Vince Holmberg, PhD

2007 Hertz Fellow
Vincent Holmberg
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Vince Holmberg completed his PhD in chemical engineering in December 2011, and is now an assistant professor in the Chemical Engineering Department at the University of Washington. Vince is also a member of the Molecular Engineering & Sciences Institute and Clean Energy Institute at the University of Washington. Prior to moving to Seattle, Vince was a Marie Curie ETH Zürich Postdoctoral Fellow under the sponsorship of David Norris in the Optical Materials Engineering Laboratory at the Swiss Federal Institute of Technology (ETH Zürich).

During his PhD, Vince studied semiconductor nanowires with Brian Korgel at The University of Texas at Austin. His research focused on the development of the large-scale production of Si and Ge nanowires grown in supercritical organic solvents. Throughout his graduate career, Vince investigated the chemical surface passivation and functionalization of nanowires, and conducted in situ electron microscopy experiments on individual semiconductor nanowires in order to study their phase transitions and melting dynamics, as well as impurity diffusion in nanowire systems. He also studied the mechanical characteristics of Ge nanowires, which have bending strengths approaching that of ideal, defect-free, perfect crystals, and strength-to-weight ratios greater than Kevlar. Vince also helped develop the first Si and Ge nanowire fabrics – macroscopic, free-standing, flexible ceramics made entirely of single-crystalline semiconductor nanowires.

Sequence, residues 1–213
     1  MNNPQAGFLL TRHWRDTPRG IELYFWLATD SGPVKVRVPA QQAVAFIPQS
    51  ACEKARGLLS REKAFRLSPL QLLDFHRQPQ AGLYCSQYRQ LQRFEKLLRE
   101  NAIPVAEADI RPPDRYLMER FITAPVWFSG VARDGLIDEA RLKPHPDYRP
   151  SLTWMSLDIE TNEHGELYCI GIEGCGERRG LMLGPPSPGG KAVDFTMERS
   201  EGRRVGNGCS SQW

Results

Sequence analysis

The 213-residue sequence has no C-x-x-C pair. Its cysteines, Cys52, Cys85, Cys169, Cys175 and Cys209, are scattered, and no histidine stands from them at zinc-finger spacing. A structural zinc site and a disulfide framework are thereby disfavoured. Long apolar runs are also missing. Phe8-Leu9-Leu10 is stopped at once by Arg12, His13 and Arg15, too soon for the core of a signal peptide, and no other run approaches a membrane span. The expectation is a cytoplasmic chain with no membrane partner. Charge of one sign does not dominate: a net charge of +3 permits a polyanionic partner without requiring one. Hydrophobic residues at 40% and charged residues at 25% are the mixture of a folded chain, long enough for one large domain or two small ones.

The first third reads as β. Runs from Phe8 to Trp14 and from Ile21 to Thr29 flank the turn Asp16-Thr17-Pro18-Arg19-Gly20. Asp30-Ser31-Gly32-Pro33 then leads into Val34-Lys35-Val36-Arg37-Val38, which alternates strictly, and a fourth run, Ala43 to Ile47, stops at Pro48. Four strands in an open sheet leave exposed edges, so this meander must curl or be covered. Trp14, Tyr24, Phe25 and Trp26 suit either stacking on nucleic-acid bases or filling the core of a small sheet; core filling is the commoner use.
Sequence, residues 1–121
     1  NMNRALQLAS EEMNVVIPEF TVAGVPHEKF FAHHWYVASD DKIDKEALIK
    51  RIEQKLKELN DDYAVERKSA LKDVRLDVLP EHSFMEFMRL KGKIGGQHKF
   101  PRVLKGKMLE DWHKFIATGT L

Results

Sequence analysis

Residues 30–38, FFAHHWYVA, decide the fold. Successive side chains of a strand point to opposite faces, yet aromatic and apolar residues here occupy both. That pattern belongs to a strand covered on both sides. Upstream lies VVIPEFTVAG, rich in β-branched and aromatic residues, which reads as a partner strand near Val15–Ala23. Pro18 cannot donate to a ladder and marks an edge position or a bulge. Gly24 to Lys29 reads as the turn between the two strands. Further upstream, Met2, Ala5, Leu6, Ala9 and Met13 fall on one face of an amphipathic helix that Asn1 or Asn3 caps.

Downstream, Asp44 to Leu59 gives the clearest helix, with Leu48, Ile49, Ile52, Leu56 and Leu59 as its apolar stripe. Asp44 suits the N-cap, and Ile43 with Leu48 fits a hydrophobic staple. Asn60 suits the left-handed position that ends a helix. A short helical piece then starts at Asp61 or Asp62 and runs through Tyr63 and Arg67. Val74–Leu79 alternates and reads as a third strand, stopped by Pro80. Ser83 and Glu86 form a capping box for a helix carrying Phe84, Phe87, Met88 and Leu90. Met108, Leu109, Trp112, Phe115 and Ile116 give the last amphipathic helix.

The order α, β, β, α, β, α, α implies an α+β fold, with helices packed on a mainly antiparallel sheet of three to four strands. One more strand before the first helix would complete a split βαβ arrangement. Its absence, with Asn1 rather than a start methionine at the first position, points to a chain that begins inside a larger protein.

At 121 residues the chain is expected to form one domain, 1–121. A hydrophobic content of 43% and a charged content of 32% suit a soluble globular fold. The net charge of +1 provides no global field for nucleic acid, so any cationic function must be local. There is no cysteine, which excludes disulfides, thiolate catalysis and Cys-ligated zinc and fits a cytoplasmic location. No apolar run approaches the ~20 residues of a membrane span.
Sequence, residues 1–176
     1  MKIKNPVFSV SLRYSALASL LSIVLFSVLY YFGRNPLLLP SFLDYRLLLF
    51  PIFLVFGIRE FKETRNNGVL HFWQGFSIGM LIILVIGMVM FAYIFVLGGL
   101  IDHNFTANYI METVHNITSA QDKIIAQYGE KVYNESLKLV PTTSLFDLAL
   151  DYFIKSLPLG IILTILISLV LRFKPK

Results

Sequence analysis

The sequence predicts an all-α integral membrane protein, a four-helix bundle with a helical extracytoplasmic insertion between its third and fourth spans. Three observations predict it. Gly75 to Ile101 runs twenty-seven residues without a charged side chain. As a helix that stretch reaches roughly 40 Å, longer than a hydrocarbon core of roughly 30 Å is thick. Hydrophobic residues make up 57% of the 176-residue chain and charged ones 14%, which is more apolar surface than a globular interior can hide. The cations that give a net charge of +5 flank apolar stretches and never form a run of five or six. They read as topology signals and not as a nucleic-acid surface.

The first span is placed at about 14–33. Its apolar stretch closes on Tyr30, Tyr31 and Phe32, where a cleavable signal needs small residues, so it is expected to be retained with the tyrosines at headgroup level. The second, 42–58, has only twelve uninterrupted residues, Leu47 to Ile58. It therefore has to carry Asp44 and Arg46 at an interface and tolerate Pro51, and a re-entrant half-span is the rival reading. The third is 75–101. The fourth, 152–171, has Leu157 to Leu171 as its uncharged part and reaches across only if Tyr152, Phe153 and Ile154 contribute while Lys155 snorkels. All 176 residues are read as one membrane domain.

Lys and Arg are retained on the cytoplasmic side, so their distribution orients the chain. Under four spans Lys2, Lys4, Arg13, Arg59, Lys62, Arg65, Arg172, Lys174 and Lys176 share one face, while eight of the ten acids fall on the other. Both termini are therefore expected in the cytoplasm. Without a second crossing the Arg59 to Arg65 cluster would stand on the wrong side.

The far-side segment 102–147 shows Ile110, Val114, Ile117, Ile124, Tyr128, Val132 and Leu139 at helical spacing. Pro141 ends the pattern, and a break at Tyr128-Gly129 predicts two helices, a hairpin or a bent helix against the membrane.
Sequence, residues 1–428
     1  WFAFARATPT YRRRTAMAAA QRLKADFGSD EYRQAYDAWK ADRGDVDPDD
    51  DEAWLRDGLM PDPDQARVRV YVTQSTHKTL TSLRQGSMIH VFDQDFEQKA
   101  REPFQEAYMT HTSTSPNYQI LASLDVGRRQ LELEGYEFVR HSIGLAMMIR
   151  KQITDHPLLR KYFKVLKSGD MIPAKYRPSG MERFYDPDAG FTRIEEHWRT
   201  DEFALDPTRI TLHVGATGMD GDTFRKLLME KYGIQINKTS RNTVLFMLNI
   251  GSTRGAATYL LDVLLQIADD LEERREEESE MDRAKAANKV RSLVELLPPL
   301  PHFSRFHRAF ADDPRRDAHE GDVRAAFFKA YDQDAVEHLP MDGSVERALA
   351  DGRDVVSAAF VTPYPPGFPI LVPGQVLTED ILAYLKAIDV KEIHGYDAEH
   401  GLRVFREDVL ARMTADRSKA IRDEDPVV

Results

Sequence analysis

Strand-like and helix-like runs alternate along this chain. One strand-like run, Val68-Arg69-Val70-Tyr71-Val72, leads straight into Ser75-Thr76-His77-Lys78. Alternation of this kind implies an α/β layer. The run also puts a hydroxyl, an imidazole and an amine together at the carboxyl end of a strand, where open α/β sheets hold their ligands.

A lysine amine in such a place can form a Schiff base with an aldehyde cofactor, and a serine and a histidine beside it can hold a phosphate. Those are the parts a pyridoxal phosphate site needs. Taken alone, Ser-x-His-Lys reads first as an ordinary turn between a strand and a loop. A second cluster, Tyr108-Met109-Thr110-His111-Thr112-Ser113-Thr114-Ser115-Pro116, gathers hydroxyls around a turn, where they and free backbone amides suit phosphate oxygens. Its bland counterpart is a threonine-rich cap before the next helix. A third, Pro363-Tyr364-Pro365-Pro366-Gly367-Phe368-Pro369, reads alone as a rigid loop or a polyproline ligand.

Vince’s interests include the synthesis and application of nanostructured materials, surface chemistry, self-assembly, supercritical fluids, in situ electron microscopy, and novel energy conversion and energy storage strategies. He received the 2012 Hertz Thesis Prize for his doctoral work, as well as a prize from the International Society for the Advancement of Supercritical Fluids in 2014.

Graduate Studies

University of Texas
Chemical Engineering
Semiconductor Nanowires: From a Nanoscale System to a Macroscopic Material

Undergraduate Studies

University of Minnesota


2011, Hertz Thesis Prize, Fannie & John Hertz Foundation